This paper explores the findings of a small‐scale empirical study of social work admissions data. It is designed to be exploratory in nature and used to illustrate key themes discussed in a previous paper. The study has been designed as a comparator to a Canadian study with the aim of building upon their findings within the current UK/England context. The research examines the relationship between applicants' pre‐admission information and their subsequent performance on the programme. Data relating to a sample of students and available at the pre‐admission stage (from application forms and interviewer report forms) and data relating to students on the programme who had been identified (by faculty) as having difficulties in one or more areas of their learning, are compared to a sample of those not identified as having experienced such problems. The two groups (total sample size=150) are drawn from one university in southern England and comprise students from both undergraduate and postgraduate programmes. Methodological issues are critically analysed and findings are explored and compared to that of the Canadian study. Key themes regarding the seemingly complex relationships between performance on the programme and academic background, extent of previous experience and a range of other factors are discussed and examined in relation to other available literature. Implications are explored in relation to current practice and development needs within social work education.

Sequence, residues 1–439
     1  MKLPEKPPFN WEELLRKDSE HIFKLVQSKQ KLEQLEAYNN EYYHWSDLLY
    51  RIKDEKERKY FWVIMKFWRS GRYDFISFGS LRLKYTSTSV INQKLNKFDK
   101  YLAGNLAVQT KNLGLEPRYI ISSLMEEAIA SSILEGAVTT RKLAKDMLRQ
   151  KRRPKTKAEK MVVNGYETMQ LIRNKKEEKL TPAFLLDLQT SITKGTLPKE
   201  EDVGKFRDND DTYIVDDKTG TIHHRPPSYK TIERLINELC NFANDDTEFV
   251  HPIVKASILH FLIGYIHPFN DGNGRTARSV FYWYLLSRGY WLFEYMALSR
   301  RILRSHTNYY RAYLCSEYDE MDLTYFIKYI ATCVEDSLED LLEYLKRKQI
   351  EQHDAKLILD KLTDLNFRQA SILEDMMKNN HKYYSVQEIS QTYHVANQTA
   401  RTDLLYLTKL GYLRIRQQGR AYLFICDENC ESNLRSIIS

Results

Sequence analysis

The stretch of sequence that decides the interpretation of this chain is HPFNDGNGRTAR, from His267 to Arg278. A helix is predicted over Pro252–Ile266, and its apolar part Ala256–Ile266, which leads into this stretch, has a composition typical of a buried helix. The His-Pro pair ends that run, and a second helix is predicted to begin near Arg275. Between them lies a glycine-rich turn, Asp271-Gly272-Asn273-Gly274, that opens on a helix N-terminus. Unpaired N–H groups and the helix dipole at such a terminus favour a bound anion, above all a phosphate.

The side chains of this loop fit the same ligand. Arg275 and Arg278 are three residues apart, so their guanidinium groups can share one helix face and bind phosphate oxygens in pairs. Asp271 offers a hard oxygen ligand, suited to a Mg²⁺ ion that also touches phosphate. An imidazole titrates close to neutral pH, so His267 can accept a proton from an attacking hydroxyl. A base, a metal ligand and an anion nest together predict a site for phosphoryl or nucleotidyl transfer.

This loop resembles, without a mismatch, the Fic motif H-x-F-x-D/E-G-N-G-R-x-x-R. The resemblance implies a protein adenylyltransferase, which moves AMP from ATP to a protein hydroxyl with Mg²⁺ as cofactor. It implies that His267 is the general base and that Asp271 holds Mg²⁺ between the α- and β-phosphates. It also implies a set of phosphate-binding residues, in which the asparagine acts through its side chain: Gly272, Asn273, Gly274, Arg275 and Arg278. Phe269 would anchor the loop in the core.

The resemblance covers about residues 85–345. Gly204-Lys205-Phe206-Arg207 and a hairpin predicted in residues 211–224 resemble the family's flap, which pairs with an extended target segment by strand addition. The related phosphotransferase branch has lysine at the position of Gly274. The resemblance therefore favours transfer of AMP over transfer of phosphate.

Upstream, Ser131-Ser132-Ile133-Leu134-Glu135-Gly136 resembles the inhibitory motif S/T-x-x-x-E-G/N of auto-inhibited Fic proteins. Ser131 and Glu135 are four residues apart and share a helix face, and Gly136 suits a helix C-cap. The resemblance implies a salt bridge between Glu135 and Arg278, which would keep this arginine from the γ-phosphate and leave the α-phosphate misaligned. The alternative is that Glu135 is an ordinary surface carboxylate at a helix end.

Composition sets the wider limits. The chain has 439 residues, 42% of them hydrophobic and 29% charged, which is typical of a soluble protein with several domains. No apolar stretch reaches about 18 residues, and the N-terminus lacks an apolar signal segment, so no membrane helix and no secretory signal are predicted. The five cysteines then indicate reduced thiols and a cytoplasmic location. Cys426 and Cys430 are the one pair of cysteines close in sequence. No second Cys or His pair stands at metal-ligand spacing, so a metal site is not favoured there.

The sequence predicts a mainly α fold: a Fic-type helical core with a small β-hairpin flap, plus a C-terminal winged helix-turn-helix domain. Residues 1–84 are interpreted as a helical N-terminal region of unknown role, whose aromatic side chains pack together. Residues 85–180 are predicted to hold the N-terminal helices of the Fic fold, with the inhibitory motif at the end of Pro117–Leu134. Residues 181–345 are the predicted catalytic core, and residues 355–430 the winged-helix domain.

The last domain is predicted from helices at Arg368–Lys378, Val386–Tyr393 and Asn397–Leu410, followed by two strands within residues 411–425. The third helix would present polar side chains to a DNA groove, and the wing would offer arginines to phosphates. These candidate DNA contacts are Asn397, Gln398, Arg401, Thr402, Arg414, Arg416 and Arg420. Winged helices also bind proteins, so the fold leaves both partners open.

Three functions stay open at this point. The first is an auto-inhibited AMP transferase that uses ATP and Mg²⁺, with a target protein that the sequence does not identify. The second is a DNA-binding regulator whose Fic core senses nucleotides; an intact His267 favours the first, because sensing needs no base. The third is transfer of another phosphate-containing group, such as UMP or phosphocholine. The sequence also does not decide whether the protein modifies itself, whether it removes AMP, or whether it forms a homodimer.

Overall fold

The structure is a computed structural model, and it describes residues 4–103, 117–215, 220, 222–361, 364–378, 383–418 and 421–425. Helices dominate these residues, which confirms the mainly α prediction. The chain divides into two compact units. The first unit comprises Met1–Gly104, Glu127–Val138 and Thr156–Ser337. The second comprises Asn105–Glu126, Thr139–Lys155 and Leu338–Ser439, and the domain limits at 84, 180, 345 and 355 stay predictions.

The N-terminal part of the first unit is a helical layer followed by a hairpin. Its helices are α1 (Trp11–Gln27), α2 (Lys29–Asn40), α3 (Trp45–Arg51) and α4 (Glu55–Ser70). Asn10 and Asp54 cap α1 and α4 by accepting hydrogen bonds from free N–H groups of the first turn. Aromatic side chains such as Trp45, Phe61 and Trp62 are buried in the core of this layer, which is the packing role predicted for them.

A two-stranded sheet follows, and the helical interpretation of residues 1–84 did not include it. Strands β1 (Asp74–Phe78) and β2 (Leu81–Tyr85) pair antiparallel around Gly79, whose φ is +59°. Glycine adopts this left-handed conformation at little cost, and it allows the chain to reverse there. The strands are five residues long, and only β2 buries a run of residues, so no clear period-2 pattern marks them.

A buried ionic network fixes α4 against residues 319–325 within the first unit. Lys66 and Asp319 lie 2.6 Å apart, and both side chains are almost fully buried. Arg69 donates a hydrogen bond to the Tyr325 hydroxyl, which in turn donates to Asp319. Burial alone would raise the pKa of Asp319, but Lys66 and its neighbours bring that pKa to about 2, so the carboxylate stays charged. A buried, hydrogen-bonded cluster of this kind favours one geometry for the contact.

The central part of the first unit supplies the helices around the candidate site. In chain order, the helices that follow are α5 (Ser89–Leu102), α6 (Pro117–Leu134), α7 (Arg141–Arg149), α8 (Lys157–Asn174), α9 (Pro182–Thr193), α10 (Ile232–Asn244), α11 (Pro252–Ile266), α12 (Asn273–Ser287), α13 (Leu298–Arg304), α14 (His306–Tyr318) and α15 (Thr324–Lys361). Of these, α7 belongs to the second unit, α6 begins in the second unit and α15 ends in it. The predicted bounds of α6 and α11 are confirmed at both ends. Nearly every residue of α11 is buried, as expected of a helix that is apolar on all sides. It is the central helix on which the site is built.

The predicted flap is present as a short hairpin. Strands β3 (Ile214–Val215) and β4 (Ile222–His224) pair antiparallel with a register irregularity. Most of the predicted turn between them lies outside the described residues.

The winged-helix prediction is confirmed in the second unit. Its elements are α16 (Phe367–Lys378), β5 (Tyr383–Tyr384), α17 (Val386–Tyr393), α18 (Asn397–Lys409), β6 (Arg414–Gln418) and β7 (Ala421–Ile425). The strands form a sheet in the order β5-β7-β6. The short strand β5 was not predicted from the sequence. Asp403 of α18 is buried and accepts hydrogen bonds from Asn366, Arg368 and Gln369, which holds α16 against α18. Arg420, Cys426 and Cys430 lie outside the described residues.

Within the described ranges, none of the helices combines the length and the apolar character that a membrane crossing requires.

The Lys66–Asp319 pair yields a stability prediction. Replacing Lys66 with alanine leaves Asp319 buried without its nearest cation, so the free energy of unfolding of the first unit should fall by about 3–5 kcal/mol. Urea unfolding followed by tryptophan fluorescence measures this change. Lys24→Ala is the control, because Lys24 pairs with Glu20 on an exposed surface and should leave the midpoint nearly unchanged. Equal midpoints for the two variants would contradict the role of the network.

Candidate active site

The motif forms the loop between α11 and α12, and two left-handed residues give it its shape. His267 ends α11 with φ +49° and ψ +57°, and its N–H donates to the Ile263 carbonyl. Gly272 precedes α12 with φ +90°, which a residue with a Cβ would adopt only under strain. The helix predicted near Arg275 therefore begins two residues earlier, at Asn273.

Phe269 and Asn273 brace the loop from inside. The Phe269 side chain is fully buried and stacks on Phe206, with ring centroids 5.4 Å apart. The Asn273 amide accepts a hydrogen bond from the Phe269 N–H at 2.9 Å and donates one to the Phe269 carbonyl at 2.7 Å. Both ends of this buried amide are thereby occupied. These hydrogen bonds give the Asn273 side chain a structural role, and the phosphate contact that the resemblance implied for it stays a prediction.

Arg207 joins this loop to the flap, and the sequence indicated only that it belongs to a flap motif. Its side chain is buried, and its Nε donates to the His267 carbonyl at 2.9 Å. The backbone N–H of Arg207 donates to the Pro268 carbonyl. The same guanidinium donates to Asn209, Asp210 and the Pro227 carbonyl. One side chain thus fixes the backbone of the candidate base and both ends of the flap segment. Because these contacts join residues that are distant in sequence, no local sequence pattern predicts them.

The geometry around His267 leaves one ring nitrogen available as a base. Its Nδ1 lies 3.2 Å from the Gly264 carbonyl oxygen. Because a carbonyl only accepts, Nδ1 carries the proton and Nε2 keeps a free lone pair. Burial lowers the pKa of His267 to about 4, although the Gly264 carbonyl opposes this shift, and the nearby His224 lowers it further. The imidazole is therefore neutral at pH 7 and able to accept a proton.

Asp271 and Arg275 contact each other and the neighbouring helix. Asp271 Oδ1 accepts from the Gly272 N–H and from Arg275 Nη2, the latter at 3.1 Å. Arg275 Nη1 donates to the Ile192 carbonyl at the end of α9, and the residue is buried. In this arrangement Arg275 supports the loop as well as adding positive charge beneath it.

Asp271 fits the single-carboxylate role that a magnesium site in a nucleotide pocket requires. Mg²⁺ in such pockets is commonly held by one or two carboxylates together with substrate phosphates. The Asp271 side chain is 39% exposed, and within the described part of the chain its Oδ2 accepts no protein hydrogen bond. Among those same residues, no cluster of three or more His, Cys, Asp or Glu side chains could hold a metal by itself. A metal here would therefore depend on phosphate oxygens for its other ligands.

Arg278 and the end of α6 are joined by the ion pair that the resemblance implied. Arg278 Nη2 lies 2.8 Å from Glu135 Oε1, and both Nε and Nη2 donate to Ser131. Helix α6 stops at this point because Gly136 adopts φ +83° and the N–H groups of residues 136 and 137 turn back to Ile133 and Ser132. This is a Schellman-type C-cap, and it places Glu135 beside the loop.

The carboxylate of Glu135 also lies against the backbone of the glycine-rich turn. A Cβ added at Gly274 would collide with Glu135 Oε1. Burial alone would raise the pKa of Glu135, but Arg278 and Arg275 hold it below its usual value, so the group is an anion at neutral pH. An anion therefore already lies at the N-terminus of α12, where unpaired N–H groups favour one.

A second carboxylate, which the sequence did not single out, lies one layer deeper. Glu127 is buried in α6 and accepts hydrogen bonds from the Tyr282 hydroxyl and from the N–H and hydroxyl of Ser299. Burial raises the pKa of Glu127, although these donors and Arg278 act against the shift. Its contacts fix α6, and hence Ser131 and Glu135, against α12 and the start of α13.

|Number of pages||18|
|Journal||Social Work Education|
|Publication status||Published - 3 Nov 2008|
- Social Work Education
- Social Work Admissions
- Selection for Social Work